SPOKANE, Wash – It's been an unbelievably difficult week for the family of Sgt. Matthew Stiltz. Exactly one week ago, they learned he died in Afghanistan, at the age of 26, on his third tour of duty, serving the country he loved.
His mother, Terri, still has two voicemails from him she saved from over the summer, and played them back once again.
"Hey Mom, I was just calling to tell you I got your packages, I really appreciate it," Sgt. Matthew Stiltz told his mother over the phone before deployment.
At their Spokane home, Terri and Mark Stiltz shared their happier memories, photos from his childhood, and family stories.
"That's actually one of my favorite memories," Terri said, pointing to a photo of all three of her kids, with their grandfather dressed up as Santa – himself, a WWII ex-POW.
Another fond memory: at just 21 months old, Matthew crawled into the family car, somehow put it in gear, and crashed into the garage.
"That's actually one of our favorite memories," his father, Mark said.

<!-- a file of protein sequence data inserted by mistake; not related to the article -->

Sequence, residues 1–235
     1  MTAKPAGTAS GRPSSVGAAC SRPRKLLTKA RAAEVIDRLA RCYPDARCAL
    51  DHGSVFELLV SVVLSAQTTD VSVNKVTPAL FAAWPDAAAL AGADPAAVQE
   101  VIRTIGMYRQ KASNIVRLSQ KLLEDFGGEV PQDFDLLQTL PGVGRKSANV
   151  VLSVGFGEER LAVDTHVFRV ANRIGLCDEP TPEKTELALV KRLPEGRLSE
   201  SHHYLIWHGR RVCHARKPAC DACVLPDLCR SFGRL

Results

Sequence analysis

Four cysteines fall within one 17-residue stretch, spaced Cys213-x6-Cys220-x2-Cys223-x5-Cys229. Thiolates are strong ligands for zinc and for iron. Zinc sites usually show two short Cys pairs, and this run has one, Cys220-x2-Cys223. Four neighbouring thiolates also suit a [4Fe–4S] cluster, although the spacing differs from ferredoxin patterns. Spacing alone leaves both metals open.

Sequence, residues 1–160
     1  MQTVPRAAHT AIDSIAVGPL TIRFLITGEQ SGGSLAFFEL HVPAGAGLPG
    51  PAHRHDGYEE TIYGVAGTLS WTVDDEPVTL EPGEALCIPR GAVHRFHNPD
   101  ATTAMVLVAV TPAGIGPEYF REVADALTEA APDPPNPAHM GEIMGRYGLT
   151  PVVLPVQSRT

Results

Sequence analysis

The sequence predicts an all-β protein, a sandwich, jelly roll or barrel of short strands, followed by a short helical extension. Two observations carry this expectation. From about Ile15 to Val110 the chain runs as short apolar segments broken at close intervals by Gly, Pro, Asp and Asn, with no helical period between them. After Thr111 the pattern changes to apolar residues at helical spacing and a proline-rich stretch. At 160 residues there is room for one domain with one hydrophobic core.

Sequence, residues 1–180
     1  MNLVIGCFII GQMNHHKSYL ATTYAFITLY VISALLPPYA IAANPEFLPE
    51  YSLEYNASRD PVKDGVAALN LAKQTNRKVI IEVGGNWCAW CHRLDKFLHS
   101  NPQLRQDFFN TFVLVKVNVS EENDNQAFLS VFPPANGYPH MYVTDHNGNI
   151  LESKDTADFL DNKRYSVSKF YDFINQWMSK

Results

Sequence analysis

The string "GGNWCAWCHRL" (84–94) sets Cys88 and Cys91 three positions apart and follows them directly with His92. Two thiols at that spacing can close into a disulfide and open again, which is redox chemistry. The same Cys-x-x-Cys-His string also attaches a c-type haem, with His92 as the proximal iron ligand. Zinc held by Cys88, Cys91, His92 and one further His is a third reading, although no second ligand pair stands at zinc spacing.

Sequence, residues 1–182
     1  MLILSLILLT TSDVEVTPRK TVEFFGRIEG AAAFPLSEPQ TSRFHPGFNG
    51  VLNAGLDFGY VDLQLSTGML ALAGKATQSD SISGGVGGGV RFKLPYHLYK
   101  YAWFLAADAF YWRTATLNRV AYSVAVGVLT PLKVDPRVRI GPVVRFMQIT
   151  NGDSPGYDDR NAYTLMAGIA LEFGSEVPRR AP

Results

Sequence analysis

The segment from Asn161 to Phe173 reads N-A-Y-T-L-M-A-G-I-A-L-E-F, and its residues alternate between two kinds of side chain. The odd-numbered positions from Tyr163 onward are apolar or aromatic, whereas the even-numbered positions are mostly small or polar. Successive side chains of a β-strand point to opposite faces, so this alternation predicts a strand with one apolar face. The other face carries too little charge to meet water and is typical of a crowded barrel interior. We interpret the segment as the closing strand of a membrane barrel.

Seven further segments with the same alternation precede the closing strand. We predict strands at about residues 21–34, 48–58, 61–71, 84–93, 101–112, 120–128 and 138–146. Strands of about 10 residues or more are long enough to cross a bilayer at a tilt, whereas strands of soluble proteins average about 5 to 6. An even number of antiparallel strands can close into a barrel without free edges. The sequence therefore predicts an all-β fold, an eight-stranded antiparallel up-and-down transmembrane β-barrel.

As young as 5, he dressed up as a soldier for Halloween, and played soldiers around the house with his older brother, Jeff.
But Matthew Stiltz evolved, from a child playing a soldier to a man serving our country as one.
"When those Iraqi children were talking to Matt, I know they were talking to a friend," Mark said, pointing to another of his favorite photos.
He already served two deployments in Iraq, and when his mother found out he was heading off to this third this summer, this time in Afghanistan, it was hard.
"I just prayed for his safety, this is what he does - did. This was his life, this is what he wanted to do, he was proud of what he was doing," she said.
But the hard reality of seeing his body return home this morning is beginning to set in.
"When we saw his casket brought off the plane, it brings reality home, it's not so surreal," his father said.
"In the back of your mind, you don't really expect to get this kind of news, you pray you don't get this kind of news," his mother added.
They learned of his death from his wife, Brooke, calling from Kansas where he was based. Terri said she didn't believe it, kept saying no, and grabbed a photo of him off the wall, hugging it tight.
"If you have to lose a child, you want to lose them the way they want to be lost, and this is a very honorable way to go," Mark said, "I'm just very proud of him."
His final words to his parents, still kept on the voicemail message:
"I love ya'll, bye."